"Pride Produces Quality Work." -Role Club

RoleClub@yahoo.com
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rayw44 View Drop Down
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Post Options Post Options   Thanks (0) Thanks(0)   Quote rayw44 Quote  Post ReplyReply Direct Link To This Post Posted: 29 Aug 2014 at 8:47am
That's very helpful Brian. I had always assumed it was the last itself, but I obviously have never worked in a shoe factory or repair shop of any kind. I'm more or less trying to fill in the gaps from the things I have seen firsthand (pics, blogs, catalogs, and stories from those who do this kind of stuff).
 
I also didn't know the thing you were using to do it was a specific tool. That's pretty cool! Do you have pics of the machines or more pics of the process?
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Post Options Post Options   Thanks (0) Thanks(0)   Quote Double 0 Soul Quote  Post ReplyReply Direct Link To This Post Posted: 29 Aug 2014 at 9:28am
Nice one Brian very informative.
Ray, I thought the same as you i think its the general consensus. There would be no logical reason for the last to have raised shoulders but as you say from blogs ect we have both come to the same inaccurate conclusion.
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Post Options Post Options   Thanks (6) Thanks(6)   Quote BrianTheBootmaker Quote  Post ReplyReply Direct Link To This Post Posted: 29 Aug 2014 at 10:24am
No problem!

Crimp machine: https://m.youtube.com/watch?v=h3Y19hduH6U

Crimp board:







Inspecting the shafts alignment before lasting the counter. You use one knee for the height of heel. This quick inspection was used by my teacher when he had to last 75 pairs a day. My hats off to his hard work.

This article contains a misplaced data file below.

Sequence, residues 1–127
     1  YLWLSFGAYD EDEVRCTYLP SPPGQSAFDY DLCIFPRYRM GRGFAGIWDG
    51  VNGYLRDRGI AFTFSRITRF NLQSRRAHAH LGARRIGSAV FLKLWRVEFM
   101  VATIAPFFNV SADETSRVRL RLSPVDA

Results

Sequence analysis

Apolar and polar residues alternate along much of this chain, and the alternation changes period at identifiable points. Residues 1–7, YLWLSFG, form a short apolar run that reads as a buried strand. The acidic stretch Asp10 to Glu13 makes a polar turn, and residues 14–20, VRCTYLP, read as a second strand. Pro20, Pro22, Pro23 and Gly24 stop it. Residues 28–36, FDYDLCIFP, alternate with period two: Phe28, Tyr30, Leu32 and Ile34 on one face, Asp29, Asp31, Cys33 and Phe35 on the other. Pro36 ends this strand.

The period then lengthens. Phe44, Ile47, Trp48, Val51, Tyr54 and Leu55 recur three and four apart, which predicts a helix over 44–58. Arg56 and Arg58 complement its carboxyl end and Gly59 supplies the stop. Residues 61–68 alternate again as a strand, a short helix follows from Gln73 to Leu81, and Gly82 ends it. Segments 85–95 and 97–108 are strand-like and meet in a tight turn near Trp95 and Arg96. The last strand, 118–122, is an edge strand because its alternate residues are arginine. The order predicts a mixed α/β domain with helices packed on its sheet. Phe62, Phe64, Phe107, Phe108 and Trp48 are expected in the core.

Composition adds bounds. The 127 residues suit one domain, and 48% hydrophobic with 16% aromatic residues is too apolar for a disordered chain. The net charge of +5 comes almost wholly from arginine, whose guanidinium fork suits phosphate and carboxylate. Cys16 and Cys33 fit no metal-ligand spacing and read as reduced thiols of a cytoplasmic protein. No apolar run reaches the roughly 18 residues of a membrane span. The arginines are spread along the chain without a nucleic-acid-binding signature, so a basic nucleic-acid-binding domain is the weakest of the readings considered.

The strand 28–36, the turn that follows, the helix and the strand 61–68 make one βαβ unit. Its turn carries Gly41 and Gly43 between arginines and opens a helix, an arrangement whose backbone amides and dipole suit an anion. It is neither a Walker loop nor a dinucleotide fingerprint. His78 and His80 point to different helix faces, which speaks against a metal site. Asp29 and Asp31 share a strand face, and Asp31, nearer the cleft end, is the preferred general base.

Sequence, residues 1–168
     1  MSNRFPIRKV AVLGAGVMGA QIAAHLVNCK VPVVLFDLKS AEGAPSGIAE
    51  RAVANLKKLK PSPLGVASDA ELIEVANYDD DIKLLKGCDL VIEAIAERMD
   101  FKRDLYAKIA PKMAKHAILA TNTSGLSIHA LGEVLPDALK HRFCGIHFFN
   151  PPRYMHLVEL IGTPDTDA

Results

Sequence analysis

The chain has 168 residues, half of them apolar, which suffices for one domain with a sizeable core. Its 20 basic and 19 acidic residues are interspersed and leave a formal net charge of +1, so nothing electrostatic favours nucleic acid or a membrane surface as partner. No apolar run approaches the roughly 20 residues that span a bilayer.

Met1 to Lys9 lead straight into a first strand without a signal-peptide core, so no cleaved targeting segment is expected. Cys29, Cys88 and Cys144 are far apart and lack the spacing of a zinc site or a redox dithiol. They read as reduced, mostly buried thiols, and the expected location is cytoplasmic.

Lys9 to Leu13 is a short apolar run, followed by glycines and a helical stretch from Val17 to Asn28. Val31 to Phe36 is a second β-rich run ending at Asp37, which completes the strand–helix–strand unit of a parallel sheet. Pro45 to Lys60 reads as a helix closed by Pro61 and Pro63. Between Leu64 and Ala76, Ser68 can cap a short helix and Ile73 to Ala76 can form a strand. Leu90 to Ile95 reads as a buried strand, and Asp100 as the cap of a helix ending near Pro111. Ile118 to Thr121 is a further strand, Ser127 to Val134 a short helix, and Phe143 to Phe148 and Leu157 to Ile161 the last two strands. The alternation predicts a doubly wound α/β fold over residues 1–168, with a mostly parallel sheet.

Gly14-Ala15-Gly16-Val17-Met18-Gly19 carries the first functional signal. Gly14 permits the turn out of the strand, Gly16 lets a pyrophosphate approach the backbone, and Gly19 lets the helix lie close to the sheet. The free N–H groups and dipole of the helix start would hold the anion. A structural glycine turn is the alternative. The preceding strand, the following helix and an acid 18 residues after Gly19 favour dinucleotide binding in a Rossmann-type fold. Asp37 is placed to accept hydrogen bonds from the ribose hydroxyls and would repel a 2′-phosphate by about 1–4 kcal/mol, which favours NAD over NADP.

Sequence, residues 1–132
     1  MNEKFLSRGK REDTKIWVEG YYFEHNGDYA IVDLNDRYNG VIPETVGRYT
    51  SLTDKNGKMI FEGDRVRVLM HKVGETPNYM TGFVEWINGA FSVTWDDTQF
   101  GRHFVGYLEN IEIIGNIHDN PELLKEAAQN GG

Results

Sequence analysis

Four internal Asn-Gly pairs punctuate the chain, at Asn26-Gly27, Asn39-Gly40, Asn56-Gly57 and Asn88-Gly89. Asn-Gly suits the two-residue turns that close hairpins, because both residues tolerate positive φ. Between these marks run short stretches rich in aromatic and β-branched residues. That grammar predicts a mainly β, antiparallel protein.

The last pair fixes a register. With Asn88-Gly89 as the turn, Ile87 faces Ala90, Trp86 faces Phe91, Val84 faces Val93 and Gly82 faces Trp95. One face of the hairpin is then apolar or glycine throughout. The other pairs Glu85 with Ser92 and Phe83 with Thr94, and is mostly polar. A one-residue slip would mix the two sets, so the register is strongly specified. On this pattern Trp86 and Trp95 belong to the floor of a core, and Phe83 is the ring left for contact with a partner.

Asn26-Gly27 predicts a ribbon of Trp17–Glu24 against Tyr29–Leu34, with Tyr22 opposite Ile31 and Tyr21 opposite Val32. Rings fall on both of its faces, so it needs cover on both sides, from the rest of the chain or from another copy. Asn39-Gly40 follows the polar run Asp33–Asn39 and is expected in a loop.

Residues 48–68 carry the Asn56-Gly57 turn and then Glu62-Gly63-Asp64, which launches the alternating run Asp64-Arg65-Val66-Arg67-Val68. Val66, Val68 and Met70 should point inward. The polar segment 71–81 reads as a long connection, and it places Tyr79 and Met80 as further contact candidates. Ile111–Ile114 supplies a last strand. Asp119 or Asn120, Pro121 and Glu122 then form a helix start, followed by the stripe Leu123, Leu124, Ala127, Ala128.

This is the black CXL horshide.

"Pride Produces Quality Work." -Role Club

RoleClub@yahoo.com
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Post Options Post Options   Thanks (0) Thanks(0)   Quote A_See Quote  Post ReplyReply Direct Link To This Post Posted: 29 Aug 2014 at 6:23pm
Thanks for all the behind the scenes shots and info Brian. I respect an artist/craftsman who is willing to open the doors a bit and spread info freely.
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Post Options Post Options   Thanks (0) Thanks(0)   Quote topgearskin Quote  Post ReplyReply Direct Link To This Post Posted: 30 Aug 2014 at 4:16am
So glad I asked. Thanks everyone for the replies, it's one of the many things I like about this forum. Everyday should be, and is, a schoolday.

Those role club engineers look really really great Brian.
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Post Options Post Options   Thanks (1) Thanks(1)   Quote BrianTheBootmaker Quote  Post ReplyReply Direct Link To This Post Posted: 30 Aug 2014 at 12:44pm
^No problem! It is best to inform everyone so they know what they are purchasing.



"Wear'Em with Pride." -Role Club

"Pride Produces Quality Work." -Role Club

RoleClub@yahoo.com